Study Shows Even a Single Adjustment Helps Neck Pain

A study published in the September 2006 issue of the scientific journal, The Journal of Manipulative and Physiological Therapeutics, (JMPT), showed that a single chiropractic adjustment helps neck pain. Although most chiropractors will recommend more than a single adjustment for their patients, this study was designed to see if one adjustment only could have an immediate effect on neck pain.

In this study 70 patients with neck pain were tested using standardized tests for neck range of motion and pain. These subjects were randomly separated into two groups. One group then received a chiropractic adjustment which the study defined as a “high-velocity low-amplitude (HVLA) manipulation.” While the other group received a “control mobilization procedure.” The subjects in both of these groups were then re-tested 5 minutes after the procedure for range of motion and pain.

The results showed that both groups experienced improvements in both range of motion and pain when comparing the pre and post testing. However, the researchers discovered that those subjects that received the chiropractic adjustment (HVLA) had far superior results than the group that had just mobilization. Researchers also noted that it did not matter if the subject was male or female. Essentially, the group that had the chiropractic adjustment had less pain and a better range of motion when tested 5 minutes after the procedure was performed.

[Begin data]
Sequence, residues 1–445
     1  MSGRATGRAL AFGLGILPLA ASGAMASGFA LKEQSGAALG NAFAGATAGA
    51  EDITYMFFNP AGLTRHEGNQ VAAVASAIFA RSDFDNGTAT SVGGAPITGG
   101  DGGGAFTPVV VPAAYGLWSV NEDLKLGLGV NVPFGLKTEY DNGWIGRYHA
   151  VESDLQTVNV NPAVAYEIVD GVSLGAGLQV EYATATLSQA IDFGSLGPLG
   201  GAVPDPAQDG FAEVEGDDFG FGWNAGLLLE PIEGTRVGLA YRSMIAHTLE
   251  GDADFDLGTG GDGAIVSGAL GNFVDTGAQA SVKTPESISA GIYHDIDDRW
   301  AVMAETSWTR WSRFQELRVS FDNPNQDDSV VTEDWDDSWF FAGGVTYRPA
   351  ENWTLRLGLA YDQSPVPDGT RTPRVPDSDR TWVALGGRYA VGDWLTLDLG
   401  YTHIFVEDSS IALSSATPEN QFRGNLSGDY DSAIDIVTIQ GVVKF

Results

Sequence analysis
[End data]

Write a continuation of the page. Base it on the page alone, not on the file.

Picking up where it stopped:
This study intentionally did not look at the long term effects of just a single adjustment. Most chiropractors believe that a series of adjustments are needed to create a lasting change in the spine and nervous system. However, this study does confirm that even a single specific adjustment does create an immediate positive change. This study also points out that a chiropractic adjustment is much more effective than random mobilization, such as was received by the control group in this study.

The researchers stated in their conclusion, “A single cervical high velocity-low amplitude manipulation was more effective in reducing neck pain at rest and in increasing active cervical range of motion than a control mobilization procedure in subjects suffering from mechanical neck pain.”